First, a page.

despite persistent accusations against president obama, hillary clinton, and susan rice, ten investigations — six by republican-controlled congressional committees — did not find that they or any other high-ranking obama administration officials had acted improperly.[18][19][20][21] four career state department officials were criticized for denying requests for additional security at the facility prior to the attack. eric j. boswell, the assistant secretary of state for diplomatic security, resigned under pressure, while three others were suspended.[22] in her role as secretary of state, hillary clinton subsequently took responsibility for the security lapses.[23]

    on august 6, 2013, it was reported that the u.s. had filed criminal charges against several individuals alleged to have been involved in the attacks, including militia leader ahmed abu khattala.[24] khattala has been described by libyan and u.s. officials as the benghazi leader of ansar al-sharia. the u.s. department of state designated ansar al-sharia as a terrorist organization in january 2014.[25][26][27] khattala was captured in libya by u.s. army special operations forces, who were acting in coordination with the fbi, in june 2014.[28] another suspect, mustafa al-imam, was captured in october 2017.[29]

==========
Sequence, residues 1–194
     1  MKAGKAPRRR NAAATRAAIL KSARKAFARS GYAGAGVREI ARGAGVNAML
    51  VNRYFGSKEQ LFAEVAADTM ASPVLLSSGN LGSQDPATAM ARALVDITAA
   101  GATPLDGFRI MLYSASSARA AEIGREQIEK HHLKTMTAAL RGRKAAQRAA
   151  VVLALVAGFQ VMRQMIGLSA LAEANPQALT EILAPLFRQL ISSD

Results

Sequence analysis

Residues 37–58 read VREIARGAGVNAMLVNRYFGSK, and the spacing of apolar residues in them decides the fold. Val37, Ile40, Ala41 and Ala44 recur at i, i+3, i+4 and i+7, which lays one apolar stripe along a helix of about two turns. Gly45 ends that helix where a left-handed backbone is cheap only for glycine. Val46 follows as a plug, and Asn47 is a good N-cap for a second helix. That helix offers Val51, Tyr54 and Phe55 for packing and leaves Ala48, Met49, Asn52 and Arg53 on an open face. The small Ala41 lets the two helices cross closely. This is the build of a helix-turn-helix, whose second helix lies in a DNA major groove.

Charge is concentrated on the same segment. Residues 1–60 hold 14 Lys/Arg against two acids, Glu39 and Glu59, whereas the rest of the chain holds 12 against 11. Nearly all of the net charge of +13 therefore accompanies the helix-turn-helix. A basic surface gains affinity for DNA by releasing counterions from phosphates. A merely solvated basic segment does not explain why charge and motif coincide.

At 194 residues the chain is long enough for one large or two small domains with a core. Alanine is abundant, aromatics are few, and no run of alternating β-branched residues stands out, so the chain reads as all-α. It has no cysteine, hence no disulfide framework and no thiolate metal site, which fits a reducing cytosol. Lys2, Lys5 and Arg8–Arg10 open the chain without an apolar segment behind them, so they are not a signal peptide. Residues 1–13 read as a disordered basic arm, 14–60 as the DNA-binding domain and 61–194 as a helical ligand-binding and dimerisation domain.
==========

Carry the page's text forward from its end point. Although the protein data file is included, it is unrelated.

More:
• background
  • attack
  • aftermath
  • investigations
  • foia requests
  • see also
  • references
  • external links

2012 Benghazi attack
Part of the inter-civil war violence in Libya
2012 Benghazi attack photo montage.jpg